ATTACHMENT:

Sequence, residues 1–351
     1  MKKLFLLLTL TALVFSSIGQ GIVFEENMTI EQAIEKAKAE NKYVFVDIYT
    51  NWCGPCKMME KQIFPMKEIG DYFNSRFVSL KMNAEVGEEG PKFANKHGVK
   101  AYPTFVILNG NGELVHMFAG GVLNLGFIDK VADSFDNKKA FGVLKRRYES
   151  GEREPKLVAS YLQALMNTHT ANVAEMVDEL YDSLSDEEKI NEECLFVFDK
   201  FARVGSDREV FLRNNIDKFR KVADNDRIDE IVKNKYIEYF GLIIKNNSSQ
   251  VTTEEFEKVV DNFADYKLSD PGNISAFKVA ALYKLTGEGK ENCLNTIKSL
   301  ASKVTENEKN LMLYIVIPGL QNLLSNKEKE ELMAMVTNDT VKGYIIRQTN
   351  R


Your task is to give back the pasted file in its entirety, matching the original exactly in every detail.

Sequence, residues 1–351
     1  MKKLFLLLTL TALVFSSIGQ GIVFEENMTI EQAIEKAKAE NKYVFVDIYT
    51  NWCGPCKMME KQIFPMKEIG DYFNSRFVSL KMNAEVGEEG PKFANKHGVK
   101  AYPTFVILNG NGELVHMFAG GVLNLGFIDK VADSFDNKKA FGVLKRRYES
   151  GEREPKLVAS YLQALMNTHT ANVAEMVDEL YDSLSDEEKI NEECLFVFDK
   201  FARVGSDREV FLRNNIDKFR KVADNDRIDE IVKNKYIEYF GLIIKNNSSQ
   251  VTTEEFEKVV DNFADYKLSD PGNISAFKVA ALYKLTGEGK ENCLNTIKSL
   301  ASKVTENEKN LMLYIVIPGL QNLLSNKEKE ELMAMVTNDT VKGYIIRQTN
   351  R